But, just in case the unlikely happens, the gondolas will now be stocked with an emergency supply of food, water, blankets, lights, and even a temporary makeshift toilet (essentially a bucket and curtain), Berman said.

The tram, which started operation in 1976, is still scheduled for a massive $15 million overhaul in 2008. During that time the tram will be out of service for an estimated six months.

In the mean time, Lappin said, residents are just relieved to get their tram back. Weekends were particularly tough because track work on the F train, which passes through Roosevelt Island, often kept one platform on its sole subway station closed.

The Associated Press contributed to this report.

Copyright 2006 AM New York

September 1st, 2006, 02:32 PM
a bit like switzerland :rolleyes::D

June 9th, 2008, 05:38 AM
Roosevelt Islanders May Be Left Hanging

Tram Disruption Coincides With Residential Boom

By CANDACE TAYLOR, Staff Reporter of the Sun
June 5, 2008

Roosevelt Islanders who rely on the aerial tramway connecting the island to Manhattan (http://www.nysun.com/related_results.php?term=Manhattan) will soon have to find an alternative route.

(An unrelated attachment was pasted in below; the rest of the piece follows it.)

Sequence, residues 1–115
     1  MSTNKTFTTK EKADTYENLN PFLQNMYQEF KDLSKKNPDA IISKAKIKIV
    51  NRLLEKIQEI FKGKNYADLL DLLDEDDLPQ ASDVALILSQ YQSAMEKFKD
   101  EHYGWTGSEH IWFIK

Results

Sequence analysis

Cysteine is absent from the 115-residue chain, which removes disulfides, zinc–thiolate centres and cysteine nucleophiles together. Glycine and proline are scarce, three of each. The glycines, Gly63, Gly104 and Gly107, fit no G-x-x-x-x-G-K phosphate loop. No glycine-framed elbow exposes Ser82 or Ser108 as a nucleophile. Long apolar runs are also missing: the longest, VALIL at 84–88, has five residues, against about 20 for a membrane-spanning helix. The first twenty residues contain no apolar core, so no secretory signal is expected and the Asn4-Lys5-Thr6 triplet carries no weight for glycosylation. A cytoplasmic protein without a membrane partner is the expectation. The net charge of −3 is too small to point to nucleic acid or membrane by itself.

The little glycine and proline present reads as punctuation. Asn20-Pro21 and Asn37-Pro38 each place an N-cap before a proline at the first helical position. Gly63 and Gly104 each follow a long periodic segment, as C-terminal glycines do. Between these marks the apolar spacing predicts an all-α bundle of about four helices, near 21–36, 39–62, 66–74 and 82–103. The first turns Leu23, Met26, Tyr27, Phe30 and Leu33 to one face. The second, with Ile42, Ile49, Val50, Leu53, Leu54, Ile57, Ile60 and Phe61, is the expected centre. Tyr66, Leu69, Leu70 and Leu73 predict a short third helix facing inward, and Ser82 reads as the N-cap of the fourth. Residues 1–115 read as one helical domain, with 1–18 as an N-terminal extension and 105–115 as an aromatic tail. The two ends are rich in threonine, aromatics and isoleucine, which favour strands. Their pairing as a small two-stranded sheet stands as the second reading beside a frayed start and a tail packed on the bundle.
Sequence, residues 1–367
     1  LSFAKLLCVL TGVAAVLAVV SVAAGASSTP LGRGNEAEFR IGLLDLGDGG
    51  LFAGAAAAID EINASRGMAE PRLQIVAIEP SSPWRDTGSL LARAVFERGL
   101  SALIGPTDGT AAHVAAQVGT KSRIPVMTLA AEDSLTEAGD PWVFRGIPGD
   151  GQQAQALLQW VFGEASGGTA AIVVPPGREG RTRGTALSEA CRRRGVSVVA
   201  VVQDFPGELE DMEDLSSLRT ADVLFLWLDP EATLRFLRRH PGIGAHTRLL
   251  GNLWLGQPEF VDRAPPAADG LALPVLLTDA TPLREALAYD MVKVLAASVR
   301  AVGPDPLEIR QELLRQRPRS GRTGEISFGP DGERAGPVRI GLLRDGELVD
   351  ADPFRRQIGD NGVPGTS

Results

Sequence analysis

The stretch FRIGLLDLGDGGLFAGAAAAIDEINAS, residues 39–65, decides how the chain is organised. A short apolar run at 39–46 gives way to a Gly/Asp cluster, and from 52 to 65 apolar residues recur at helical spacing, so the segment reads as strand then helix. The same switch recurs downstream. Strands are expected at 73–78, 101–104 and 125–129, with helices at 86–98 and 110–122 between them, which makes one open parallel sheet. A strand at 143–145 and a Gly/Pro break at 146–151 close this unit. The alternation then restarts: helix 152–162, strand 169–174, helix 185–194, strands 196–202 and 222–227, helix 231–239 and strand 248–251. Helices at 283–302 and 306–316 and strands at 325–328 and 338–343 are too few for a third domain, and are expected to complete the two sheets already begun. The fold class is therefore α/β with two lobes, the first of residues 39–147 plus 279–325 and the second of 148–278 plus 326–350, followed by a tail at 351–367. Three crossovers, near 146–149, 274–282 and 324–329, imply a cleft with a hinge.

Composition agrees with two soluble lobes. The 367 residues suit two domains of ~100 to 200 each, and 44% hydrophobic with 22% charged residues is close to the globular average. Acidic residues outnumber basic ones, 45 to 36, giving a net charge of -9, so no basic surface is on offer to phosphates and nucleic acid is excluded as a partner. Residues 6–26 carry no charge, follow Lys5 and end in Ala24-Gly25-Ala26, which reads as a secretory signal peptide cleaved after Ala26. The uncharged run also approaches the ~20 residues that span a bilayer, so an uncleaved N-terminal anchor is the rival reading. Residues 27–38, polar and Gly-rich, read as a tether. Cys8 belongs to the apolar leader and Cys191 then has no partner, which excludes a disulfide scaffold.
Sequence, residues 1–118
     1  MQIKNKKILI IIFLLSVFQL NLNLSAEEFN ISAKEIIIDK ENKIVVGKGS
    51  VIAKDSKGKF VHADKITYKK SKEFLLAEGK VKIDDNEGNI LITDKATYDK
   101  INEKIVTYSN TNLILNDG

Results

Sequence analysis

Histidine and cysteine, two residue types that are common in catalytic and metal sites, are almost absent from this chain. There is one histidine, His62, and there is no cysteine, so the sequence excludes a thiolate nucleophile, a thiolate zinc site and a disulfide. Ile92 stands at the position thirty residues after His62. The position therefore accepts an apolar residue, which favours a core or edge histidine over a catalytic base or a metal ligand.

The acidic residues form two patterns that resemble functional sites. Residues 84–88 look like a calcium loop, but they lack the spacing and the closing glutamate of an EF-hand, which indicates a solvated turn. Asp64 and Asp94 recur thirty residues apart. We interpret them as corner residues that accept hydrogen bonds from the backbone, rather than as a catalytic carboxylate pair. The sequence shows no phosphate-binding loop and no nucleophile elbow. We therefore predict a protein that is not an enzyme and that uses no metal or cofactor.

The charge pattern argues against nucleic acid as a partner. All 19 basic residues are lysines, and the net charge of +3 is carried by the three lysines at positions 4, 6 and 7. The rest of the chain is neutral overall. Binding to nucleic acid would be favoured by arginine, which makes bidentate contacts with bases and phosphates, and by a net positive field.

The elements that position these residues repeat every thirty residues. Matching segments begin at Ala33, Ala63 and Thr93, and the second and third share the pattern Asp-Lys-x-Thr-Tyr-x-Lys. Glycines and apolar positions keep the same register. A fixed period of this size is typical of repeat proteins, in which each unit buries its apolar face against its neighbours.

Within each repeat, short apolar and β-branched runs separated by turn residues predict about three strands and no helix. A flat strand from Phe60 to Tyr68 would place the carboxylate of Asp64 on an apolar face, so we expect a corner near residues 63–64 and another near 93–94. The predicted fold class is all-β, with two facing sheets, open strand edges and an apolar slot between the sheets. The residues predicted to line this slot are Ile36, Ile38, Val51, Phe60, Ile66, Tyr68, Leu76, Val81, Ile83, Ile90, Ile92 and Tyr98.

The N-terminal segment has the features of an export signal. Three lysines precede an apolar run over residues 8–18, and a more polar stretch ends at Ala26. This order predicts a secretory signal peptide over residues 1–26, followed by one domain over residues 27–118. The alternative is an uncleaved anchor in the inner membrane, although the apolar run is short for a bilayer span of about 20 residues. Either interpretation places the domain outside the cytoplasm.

http://www.nysun.com/pics/1473_large.jpg (http://www.nysun.com/pics/1473.jpg)Konrad Fiedler/New York Sun
Roosevelt Island Tram over new construction on the island.

http://www.nysun.com/pics/1451_large.jpg (http://www.nysun.com/pics/1451.jpg) http://www.nysun.com/pics/1460_large.jpg (http://www.nysun.com/pics/1460.jpg)

The tramway is expected to be closed between June 10 and June 18, which will give residents a taste of the transportation woes they will face next year, when it is scheduled to be taken out of service for at least six months. Next year's timing is inconvenient: The tram's closure will come at a time when several hundred new residents are expected to move into two new buildings now under construction.